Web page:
Malilong: Please repair our roads. Now

IT has been raining the past four days because of tropical storm Urduja, raising warnings from authorities of possible floods and landslides. Thankfully, the rainfall has not been heavy and so far there has been no report of a part of the earth caving in or swamped by water. Let’s pray that our luck holds.

No amount of prayer could possibly save our already bad roads from becoming even more rotten because of the incessant rains, however. In the street where I live, the potholes that have been covered by neighbors with temporary filling materials have re-appeared. It looks like it will stay that way for sometime.

If it’s any consolation, ours is not an isolated case. Bad roads are everywhere although the condition is much worse in poorer neighborhoods like ours. And if Mayor Tommy Osmeña doesn’t know it yet, most of the people I spoke with agree that the sad state of our thoroughfares turned sadder during his watch.

I remember Osmeña saying as soon as his BOPK wrested the majority in the city council from Barug-Team Rama, that he could finally pursue his road repair projects, among others. Their hold didn’t last long though as Hanz Abella resigned from the council to join the National Labor Relations Commission but even during that short window of BOPK numerical superiority, I didn’t notice any activity indicating that the city was finally paying attention to our deteriorating roads.

The council is deadlocked now with the appointment of UNA/Barug nominee Junjun Osmena as replacement for Abella. I hope that they will not use this as an excuse for still not attending to the city’s thoroughfares.The city has a road repair and maintenance crew. Surely, the mayor can send them out to the streets without having to secure permission from the councilors.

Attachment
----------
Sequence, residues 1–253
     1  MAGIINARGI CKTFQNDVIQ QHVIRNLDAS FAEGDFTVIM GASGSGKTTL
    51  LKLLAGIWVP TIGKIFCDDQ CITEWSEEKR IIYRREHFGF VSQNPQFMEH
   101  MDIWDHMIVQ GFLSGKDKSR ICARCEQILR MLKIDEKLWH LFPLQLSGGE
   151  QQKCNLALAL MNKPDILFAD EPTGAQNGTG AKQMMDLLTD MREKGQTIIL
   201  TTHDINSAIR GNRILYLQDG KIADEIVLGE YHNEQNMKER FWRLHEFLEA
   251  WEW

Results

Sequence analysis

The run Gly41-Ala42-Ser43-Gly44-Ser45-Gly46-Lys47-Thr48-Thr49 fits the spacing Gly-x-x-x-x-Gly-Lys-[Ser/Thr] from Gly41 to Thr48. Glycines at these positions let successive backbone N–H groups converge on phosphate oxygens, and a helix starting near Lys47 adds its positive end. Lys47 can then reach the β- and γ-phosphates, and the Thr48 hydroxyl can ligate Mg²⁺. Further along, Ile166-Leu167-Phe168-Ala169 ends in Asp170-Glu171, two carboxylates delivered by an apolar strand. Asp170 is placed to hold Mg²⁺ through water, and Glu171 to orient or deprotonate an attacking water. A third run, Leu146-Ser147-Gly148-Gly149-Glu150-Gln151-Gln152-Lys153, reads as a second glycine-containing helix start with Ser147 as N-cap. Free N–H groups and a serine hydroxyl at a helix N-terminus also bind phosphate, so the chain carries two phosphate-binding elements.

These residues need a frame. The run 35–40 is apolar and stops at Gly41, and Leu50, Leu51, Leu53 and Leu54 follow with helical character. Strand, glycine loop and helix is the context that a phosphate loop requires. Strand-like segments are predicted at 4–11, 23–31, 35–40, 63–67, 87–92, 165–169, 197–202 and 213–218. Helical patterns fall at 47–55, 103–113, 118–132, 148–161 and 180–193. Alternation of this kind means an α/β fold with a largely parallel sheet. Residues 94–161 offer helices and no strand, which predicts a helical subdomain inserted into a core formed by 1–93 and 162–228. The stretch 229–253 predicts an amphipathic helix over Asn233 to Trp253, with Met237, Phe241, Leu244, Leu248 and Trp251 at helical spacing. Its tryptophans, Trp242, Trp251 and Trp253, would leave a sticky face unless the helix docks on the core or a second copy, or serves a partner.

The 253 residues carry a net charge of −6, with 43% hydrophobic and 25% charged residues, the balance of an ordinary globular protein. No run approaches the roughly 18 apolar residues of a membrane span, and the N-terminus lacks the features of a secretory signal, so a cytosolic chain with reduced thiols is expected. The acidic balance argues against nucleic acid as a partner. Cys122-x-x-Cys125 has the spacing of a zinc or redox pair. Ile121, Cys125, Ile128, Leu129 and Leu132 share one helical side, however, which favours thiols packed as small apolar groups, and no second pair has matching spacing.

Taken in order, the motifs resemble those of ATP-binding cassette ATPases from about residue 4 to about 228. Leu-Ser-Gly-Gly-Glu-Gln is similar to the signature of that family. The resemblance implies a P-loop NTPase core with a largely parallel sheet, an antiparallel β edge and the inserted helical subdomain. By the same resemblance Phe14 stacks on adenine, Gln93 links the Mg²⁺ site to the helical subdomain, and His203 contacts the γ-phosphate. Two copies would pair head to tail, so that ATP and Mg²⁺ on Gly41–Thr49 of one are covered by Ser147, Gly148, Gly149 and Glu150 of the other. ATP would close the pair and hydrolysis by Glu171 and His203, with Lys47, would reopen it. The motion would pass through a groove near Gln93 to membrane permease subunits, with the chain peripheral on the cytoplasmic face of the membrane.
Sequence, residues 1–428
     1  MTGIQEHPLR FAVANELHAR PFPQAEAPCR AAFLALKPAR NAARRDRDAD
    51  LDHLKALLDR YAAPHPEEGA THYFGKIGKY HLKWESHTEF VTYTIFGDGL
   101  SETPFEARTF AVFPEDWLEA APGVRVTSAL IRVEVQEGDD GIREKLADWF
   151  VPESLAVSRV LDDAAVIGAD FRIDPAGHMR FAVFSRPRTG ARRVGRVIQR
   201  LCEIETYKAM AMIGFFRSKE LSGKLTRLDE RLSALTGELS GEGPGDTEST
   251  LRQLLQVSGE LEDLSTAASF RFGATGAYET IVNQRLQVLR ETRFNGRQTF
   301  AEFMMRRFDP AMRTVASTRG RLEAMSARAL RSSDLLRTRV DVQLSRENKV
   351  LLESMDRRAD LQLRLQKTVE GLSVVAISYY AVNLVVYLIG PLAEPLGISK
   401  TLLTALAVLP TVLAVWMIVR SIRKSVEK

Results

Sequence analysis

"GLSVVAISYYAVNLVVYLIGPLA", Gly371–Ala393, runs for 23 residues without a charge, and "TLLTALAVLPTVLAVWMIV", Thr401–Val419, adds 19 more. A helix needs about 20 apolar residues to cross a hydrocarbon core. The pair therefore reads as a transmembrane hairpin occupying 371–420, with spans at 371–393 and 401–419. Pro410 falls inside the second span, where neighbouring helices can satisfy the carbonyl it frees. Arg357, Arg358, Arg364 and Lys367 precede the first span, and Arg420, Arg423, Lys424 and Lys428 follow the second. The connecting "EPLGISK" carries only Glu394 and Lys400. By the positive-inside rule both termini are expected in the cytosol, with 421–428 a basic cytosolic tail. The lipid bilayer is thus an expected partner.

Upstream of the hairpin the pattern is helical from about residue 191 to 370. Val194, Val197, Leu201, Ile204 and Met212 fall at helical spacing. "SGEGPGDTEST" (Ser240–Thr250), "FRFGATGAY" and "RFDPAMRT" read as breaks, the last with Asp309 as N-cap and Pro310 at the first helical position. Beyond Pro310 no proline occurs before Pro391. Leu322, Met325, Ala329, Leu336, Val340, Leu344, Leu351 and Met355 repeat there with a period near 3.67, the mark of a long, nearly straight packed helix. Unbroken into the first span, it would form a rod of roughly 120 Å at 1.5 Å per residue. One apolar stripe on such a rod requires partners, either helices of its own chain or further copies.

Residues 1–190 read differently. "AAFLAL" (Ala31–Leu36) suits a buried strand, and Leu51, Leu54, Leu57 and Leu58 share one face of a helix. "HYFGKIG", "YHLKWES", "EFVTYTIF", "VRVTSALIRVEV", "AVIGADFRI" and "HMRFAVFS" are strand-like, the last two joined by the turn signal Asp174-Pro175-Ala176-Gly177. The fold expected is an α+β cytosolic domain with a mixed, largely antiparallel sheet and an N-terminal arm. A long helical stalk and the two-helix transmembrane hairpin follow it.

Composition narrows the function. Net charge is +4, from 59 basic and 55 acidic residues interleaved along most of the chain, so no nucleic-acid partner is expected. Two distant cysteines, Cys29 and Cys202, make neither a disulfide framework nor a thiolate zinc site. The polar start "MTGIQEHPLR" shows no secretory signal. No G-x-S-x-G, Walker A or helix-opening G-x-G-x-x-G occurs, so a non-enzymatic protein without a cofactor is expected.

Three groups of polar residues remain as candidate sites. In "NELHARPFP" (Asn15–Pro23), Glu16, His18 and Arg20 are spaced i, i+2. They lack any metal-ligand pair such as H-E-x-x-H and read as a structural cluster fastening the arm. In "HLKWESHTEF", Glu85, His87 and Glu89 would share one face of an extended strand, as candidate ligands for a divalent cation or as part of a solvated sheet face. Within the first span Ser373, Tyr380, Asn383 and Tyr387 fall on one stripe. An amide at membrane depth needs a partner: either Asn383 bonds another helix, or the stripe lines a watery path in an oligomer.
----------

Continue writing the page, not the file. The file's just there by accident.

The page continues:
•••

The 17th Congress could go down in history as the busiest of all the country’s legislatures since the advent of organized government in the Philippines in terms of the number of public hearings being conducted. There is hardly any week that passes without either the House or the Senate holding a public hearing on this and that issue.

Public hearings are supposed to assist in the legislative process. Through them, legislators can listen to the views of resource persons who are known for their wisdom, expertise and experience and use their insights to determine what law should be crafted and how.

Alas, this lofty purpose is hardly recognizable in the modern day public hearings of our two houses of Congress. What we often see is an inquisition, a preliminary investigation or even a criminal proceeding. Committees invite people not as resource persons but as accusers, accused or witnesses and treat them accordingly.

In one particularly offensive congressional investigation, we saw a parade of criminal convicts serving time for capital offenses take turns narrating lurid details of a woman’s supposed sex life at the prodding of jeering congressmen who seemed more interested in ranking orgasm than in passing a wise law.

Maybe, television is to blame.
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